Rani Rupamati Masjid
Ahmedabad, India
Rani Rupavati Masjid is a mosque and tomb complex situated in the old city center of Ahmedabad, along the road that leads from the Bhadra Fort toward Delhi Gate. The complex, named after royal ladies who are supposedly buried on site, is undated but stylistically belongs to the end of the 15th/9th century AH or to the beginning of the 16th/10th century AH.

The complex comprises an irregularly shaped area whose main entrance is a gateway on the east side. Passing through the gate, one emerges onto a large open area. On the west end is the mosque, which occupies the southwestern corner of the enclosed area, and on the north side is a tank and a tomb, which occupies an extension of the enclosure to the north. 

The mosque is a rectangular building closed on three sides and open through several portals on the east side. The central portal is a large arched entryway flanked by two ornate minarets. Flanking this portal on each side is a set of three smaller portals. The interior of the mosque reflects this tripartite division: it is composed of three sections, a central section and two sides, each comprised of a large domed bay supported by twelve columns. These domes are placed over the center of the hall, leaving spaces the width of a single aisle between the domed areas and the four walls, as well as in between the three domes. Smaller domes cover some of the bays in these aisles. The central section of the prayer hall is raised higher than the two side sections and a clerestory level gallery at the base of the dome allows light to penetrate the center of the hall. Behind each of the three domed bays, a mihrab marks the direction of prayer on the qibla (west) wall. Four windows open from the qibla wall; two from the side walls as well as a door; and two on the ends of the east wall.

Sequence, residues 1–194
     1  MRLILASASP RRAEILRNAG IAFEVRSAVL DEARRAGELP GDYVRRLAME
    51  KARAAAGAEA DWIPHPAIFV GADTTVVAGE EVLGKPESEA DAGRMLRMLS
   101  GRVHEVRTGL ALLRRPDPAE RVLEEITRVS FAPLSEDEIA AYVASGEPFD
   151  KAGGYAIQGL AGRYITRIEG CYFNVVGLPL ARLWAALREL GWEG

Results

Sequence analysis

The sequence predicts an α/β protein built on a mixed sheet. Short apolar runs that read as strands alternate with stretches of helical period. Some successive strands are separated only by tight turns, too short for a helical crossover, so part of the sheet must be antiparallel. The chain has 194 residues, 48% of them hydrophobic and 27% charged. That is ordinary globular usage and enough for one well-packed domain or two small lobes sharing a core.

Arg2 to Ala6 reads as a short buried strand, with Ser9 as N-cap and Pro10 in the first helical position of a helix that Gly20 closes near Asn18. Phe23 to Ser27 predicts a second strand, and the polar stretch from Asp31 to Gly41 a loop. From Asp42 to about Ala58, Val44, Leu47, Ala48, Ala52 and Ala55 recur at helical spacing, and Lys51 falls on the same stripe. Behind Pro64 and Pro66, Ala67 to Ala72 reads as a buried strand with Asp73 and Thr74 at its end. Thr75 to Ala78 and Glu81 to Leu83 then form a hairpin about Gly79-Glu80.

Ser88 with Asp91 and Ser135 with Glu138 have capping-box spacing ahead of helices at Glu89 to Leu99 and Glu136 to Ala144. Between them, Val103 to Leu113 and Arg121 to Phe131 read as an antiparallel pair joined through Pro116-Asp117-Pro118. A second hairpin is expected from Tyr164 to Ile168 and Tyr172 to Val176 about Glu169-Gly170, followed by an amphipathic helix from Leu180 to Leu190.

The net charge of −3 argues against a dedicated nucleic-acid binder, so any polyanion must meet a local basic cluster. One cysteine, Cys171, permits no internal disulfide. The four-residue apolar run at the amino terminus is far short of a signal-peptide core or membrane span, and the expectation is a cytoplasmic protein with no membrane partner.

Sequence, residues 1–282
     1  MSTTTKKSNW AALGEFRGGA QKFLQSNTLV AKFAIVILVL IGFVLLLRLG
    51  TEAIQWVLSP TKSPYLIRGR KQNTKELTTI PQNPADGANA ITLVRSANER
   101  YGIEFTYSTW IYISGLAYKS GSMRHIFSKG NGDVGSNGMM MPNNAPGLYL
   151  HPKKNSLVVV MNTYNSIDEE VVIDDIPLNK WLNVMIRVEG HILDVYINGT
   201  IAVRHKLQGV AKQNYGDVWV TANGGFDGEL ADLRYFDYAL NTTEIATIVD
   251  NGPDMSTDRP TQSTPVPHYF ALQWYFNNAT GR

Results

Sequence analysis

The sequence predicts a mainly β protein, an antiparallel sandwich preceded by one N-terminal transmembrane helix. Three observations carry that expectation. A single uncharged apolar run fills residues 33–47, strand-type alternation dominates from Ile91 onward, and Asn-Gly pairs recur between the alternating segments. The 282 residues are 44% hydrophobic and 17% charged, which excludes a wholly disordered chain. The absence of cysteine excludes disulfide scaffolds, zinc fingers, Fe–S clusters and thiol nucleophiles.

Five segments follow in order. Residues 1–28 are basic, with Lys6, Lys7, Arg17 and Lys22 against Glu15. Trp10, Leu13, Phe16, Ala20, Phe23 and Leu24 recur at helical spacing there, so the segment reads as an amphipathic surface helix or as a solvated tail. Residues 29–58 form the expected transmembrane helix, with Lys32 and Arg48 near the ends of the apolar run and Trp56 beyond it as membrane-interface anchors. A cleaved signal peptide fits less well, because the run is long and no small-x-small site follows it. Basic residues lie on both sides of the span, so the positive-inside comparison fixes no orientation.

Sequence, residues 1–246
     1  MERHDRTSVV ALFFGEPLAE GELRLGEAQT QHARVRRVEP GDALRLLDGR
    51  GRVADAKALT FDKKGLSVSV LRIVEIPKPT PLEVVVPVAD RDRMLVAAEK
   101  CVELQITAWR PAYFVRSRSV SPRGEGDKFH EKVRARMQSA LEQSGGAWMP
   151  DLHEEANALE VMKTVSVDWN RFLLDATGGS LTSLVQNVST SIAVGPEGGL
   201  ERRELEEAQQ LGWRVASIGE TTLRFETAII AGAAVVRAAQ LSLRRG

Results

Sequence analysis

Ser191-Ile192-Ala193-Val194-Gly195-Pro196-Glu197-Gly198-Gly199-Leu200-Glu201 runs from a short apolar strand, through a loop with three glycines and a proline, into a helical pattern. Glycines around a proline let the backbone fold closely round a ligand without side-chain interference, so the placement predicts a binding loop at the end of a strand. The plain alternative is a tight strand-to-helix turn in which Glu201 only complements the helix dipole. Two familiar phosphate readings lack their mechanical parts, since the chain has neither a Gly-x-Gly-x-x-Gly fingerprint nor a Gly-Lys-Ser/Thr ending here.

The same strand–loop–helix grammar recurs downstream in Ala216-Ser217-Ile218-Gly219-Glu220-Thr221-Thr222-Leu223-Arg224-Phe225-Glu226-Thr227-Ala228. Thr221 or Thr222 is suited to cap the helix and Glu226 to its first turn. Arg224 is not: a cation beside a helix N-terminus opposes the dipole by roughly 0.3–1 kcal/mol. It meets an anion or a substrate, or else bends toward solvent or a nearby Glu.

The tomb is a domed square pavilion seated on a larger square platform. The dome is supported by twelve pillars and this is surrounded by an ambulatory bounded by this inner set of pillars and an outer set of twenty. The ambulatory takes the form of a veranda and is open to the exterior of the building.


Burgess, James. The Muhammadan Architecture of Ahmadabad. Part II, 32-34. Archaeological Survey of Western India, Vol. 8. London: W. Griggs and Sons, 1905.

Ahmedabad, India
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Associated Names
late 15th-early 16th/late 8th - early 9th c. AH
103 x 46 ft (exterior area of mosque); 93.25 x 36.5 ft (interior area of mosque)
Variant Names
રાણી રૂપમતી મસ્જીદ
Rani Rupamati Masjid
Rani Rupmati Masjid
Rani Rupamati Mosque and Tomb
Queen's Mosque
Building Usages